Thirdly, in exceptional situations, the supervision of the government’s work by the Parliament, independent judges, medias and civil society is essential. Regarding the different special powers mechanisms and the exceptional measures that were adopted by the Royal decrees of 13 and 18 March 2020, every effort must be made to allow Parliament to exert a certain control on the exceptional measures decided by the government. This parliamentary controlshould be effective before expiry of the period of special powers, and political control mechanisms should adapt to the particular situation we are facing.

Likewise, it is essential to safeguard the right to effective legal protection and to ensure the judicial oversight of such exceptional measures. The right to a fair trial, the right to an effective remedy and the right to a defense, as well as the right to the non-retroactivity of criminal sanctions (and the legality of the latter) must be guaranteed. In this context, LDH shares its concerns regarding the articles 5, §1 and 7 of the bill that would grant special powers to the King of Belgium, allowing him to “adapt” the organization of courts, tribunals and public prosecutors, as well as the rules on competence and procedure. This authorization granted to the King is in itself not properly regulated and very dangerous. Indeed, it gives the government powers to completely “adapt” the judicial power.

As well as taking into account the “rights of the parties”, lawmakers must specify the scope of these powers, and set out stricter conditions for their use. As the Legislation Section of the Council of State stated in its opinion of 25 March 2020, it is necessary to recall that these “adaptations” must be made in compliance with the fundamental principles of independence and impartiality of the judicial power, and in accordance with the rights to defense of the parties. This law aims to grant the government the power to change the procedure and the competence of the Council of State and administrative jurisdictions. As things stand, this is very dangerous. It is essential that lawmakers specify the objective they are pursuing with such a law. These powers must be regulated so as to avoid violations to the right to effective legal protection, enshrined not only in the Constitution, but also in European and International law. Last, it is essential to protect, if not strengthen, the ability of the media to fulfill its role as a watchdog of democracy. It is also very important to protect the ability of the civil society to monitor the work of the government. Therefore, transparency and the provision of Covid-19-related data must be guaranteed.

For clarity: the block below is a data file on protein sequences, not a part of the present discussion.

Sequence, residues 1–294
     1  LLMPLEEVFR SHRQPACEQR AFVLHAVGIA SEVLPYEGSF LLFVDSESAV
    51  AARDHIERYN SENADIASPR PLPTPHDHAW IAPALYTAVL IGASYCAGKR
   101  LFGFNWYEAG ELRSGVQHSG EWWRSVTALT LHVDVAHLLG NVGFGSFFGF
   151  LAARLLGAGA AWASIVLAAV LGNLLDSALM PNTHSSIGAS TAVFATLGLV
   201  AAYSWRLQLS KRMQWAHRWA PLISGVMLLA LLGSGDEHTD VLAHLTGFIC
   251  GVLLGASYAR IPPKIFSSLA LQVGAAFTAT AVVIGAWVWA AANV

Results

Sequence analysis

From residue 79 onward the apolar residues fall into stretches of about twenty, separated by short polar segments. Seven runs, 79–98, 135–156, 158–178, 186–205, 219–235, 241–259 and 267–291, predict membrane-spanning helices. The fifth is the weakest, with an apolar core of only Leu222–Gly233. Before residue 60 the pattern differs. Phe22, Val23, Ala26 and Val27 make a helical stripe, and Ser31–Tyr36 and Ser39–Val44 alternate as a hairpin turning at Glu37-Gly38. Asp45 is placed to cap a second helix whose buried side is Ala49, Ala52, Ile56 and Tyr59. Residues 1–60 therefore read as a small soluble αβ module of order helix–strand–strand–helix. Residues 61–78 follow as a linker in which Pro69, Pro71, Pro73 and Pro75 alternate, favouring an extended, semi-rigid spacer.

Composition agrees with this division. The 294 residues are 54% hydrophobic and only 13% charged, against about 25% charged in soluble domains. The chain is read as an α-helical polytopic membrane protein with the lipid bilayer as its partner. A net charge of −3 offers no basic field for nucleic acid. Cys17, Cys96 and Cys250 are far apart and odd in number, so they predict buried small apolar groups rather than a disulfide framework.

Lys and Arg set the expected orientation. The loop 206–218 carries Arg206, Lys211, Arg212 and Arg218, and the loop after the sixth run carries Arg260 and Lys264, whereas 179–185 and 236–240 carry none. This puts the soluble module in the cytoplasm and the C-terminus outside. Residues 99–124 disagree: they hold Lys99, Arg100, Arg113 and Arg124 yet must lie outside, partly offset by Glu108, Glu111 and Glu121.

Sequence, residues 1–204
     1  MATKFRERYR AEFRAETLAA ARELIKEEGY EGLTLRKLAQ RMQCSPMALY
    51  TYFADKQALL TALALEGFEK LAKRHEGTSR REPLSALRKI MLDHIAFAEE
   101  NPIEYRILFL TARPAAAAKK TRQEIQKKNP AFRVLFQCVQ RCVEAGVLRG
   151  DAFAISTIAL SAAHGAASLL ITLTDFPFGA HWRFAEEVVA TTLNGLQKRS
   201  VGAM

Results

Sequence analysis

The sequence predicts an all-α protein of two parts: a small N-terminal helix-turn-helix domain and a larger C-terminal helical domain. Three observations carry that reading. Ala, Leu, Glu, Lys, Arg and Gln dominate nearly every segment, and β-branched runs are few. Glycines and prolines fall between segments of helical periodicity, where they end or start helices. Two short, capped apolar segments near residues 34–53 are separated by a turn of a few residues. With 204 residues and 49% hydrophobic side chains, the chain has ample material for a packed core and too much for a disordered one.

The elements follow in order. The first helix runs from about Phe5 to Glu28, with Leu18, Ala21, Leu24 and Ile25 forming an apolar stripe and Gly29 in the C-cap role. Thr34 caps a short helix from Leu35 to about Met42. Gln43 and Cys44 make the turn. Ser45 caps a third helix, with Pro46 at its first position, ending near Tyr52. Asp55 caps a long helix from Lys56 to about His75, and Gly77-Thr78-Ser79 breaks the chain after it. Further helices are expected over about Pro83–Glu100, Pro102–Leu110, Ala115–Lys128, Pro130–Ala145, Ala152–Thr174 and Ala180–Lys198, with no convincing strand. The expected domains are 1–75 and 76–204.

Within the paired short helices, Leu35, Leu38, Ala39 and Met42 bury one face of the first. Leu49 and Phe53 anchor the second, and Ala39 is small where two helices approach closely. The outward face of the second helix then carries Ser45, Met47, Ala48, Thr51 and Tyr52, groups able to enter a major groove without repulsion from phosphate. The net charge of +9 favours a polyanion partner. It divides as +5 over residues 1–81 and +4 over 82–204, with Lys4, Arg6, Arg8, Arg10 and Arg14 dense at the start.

Fourthly, everything must be done to prevent these exceptional measures to involve unjustified restrictions of rights and freedoms. The serious limitations on the right to privacy and the right to education, among others, should meet the requirements of national and international laws. First, the legal basis for such limitations should come from a legal text that is clear, detailed, general, non-retroactive, available and published. Second, such measures must pursue a legitimate objective (protecting Health services, public order, rights and freedoms). Third, these restrictions should be proportionate. Each measure also should achieve the legitimate objective that is set out by its author and should be useful, in the sense that no other measure less likely to restrict rights and freedoms was available. Last, a proper balancing of interests must be carried out.

Fifthly, efforts should be made to prevent such measures from weakening the required level of protection of the State regarding rights and freedoms. For this purpose, Article 3 of the law on special powers aims to limit the scope of these powers, by providing that their use cannot undermine the existing social protection and the household purchasing power. In principle, the protection and realization of economic, social and cultural rights falls within the competence of lawmakers (not of the executive power). In the current context, and given the exceptional circumstances and the scope of the powers granted, lawmakers should specify that these measures should comply not only with the “standstill principle” (which prohibits any unjustified setback for economic, social and cultural rights), but also with other most demanding norms.

Sixthly, such exceptional measures also need to be implemented in order to address situations of inequality experienced by the most vulnerable people, as theses situations are caused or aggravated by the current health crisis. Similarly, such measures should also guarantee safe and decent working conditions for all workers, and particularly for the most vulnerable.

In times of crisis, respect for all fundamental rights is essential, and LDH intends to continue to fulfill its role as a watchdog of democracy. The rule of law, respect for human rights and basic freedoms are (and will remain) the framework that governs the use of powers. They should constitute the objectives of these exceptional measures and guarantee the right to life and to dignity for all.